There is no peace when people have no place to sleep, no job or hope of one, no way to support themselves or their families. There is no peace when the wealthy have the power of life and death over the poor.

When Israel behaved this way God paid attention. God promised Israel more than just peace of heart if they worshipped their Lord. God promised destruction if they oppressed the powerless among them. “23If you do treat them badly and they cry out to me, you can be sure that I'll hear their cry. 24I'll be furious, and I'll kill you with the sword. Then your wives will be widows, and your children will be orphans.”

I think God means it. And I think God’s promise to bring destruction upon those who oppress the powerless is beginning to come true here. Maybe destruction won’t come at the point of a sword but when I look at the news I am beginning to see an upswelling of rebellion against that lack of compassion and mercy that is a plague upon our nation. There’s the non-violent Occupy movement, of course, but there are other examples of civil disobedience that are as wonderful as they are unexpected.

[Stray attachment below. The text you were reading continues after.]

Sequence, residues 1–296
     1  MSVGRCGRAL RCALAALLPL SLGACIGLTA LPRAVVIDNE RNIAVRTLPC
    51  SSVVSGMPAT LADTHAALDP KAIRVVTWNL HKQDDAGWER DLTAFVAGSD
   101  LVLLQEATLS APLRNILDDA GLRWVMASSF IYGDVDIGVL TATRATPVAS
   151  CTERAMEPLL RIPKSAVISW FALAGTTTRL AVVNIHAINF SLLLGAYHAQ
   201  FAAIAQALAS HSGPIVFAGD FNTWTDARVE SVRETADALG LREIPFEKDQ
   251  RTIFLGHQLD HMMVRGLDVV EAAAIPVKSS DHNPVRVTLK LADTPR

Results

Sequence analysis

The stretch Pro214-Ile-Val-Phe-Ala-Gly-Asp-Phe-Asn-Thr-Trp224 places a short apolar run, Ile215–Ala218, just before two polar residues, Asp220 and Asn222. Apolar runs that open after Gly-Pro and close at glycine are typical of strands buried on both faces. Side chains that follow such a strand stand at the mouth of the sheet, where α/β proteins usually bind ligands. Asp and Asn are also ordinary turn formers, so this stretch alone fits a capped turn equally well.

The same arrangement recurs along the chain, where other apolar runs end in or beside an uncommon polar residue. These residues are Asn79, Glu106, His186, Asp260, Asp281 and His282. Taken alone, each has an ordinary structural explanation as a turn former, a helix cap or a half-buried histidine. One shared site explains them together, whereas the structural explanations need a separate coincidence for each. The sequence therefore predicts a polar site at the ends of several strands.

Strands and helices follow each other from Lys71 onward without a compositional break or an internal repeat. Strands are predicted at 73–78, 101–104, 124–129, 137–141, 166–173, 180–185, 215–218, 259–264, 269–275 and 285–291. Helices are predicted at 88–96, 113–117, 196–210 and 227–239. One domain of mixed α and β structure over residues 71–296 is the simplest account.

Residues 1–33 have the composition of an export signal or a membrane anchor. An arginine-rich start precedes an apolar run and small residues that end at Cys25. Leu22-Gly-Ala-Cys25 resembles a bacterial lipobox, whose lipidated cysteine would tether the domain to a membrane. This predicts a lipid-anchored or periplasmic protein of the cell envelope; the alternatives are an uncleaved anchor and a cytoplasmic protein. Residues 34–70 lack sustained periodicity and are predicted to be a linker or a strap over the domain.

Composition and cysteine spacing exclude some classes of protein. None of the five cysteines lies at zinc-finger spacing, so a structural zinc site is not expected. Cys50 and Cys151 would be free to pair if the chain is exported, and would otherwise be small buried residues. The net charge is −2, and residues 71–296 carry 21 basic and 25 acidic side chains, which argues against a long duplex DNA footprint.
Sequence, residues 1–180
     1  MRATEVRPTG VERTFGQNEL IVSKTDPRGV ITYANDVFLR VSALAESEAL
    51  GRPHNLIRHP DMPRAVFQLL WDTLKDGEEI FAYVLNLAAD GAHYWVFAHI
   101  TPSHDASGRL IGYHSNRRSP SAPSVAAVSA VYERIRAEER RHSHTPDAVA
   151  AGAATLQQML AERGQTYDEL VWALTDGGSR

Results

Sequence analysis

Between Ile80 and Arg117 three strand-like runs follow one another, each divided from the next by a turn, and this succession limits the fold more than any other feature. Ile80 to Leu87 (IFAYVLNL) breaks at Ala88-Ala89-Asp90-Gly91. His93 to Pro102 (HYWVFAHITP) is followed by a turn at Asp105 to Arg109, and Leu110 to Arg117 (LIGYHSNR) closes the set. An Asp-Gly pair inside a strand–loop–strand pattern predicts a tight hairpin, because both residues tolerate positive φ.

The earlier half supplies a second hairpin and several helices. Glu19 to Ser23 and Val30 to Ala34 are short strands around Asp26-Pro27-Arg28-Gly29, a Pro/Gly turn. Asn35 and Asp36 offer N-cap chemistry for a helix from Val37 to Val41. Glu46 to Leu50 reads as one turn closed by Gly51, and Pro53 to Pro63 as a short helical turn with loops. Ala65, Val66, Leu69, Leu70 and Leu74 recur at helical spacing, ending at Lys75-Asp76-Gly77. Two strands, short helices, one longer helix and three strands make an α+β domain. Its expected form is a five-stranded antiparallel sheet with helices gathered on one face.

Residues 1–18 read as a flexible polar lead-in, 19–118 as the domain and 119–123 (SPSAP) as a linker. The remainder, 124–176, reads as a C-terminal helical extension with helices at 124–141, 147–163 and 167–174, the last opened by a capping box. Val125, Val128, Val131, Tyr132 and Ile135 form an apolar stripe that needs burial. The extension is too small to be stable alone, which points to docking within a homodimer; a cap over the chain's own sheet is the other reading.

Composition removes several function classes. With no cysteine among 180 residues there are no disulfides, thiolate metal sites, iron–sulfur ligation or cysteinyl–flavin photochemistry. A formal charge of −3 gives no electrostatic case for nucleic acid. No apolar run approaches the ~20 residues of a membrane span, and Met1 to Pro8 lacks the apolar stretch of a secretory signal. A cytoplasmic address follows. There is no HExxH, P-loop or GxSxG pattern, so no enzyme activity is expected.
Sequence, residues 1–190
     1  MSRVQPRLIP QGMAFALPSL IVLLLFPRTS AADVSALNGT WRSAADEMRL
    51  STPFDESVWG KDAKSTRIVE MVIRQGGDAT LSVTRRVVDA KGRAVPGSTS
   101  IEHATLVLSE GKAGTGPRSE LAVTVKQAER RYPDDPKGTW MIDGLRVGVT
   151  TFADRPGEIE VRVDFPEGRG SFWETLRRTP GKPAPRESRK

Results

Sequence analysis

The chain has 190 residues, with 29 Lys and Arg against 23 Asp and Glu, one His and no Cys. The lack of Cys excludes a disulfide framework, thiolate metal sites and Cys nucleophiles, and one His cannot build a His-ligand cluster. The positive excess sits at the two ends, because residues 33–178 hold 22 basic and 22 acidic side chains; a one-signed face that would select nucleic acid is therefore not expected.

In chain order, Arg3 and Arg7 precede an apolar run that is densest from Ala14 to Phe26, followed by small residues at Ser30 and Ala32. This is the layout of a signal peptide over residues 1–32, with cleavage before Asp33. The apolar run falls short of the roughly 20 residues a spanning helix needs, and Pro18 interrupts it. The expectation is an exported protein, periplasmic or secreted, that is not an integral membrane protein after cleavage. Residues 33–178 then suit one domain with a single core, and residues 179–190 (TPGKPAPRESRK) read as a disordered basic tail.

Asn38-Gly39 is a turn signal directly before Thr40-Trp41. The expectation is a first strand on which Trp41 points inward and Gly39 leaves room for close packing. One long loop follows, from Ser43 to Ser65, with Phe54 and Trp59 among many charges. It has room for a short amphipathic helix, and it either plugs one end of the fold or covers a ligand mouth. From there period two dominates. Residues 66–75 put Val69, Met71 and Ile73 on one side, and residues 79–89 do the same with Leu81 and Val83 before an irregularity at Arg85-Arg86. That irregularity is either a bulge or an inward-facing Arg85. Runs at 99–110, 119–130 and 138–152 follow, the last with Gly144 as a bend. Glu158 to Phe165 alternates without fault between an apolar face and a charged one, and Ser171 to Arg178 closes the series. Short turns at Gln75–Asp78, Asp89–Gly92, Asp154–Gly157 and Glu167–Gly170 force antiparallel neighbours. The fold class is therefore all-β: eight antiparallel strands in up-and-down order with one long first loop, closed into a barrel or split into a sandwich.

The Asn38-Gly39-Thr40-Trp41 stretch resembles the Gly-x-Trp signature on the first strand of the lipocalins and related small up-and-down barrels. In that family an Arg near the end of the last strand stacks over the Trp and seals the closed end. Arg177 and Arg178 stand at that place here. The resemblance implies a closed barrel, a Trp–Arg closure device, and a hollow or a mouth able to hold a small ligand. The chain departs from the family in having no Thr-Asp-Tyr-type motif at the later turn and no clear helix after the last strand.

In Atlanta this week, Chase Bank foreclosed upon a home and deputies were sent with a moving van and a writ of eviction. This is never an easy job for the police When they arrived and saw the homeowners they called their supervisor and said, “We’re not going to do this.” They could not in good conscience remove 103 year old Vida Lee Hall and her 83 year old daughter from the house they had called home for over 50 years. Their call was passed all the way up the chain of command to Sheriff Jackson, who backed them up in their refusal to obey the writ of eviction and called them back to their station. I first saw this story Wednesday on MSNBC, where Laurence O’Donnell said “Laws alone cannot make a Just society Laws must be tempered with mercy. We have a more just society because Sheriff Jackson of Atlanta followed his conscience instead of the law.” I think it is only right that Sheriff Jackson and his deputies chose to protect the powerless instead of serving the wealthy. I am going to go out on a limb here and say that those deputies went home that night with peace in their hearts.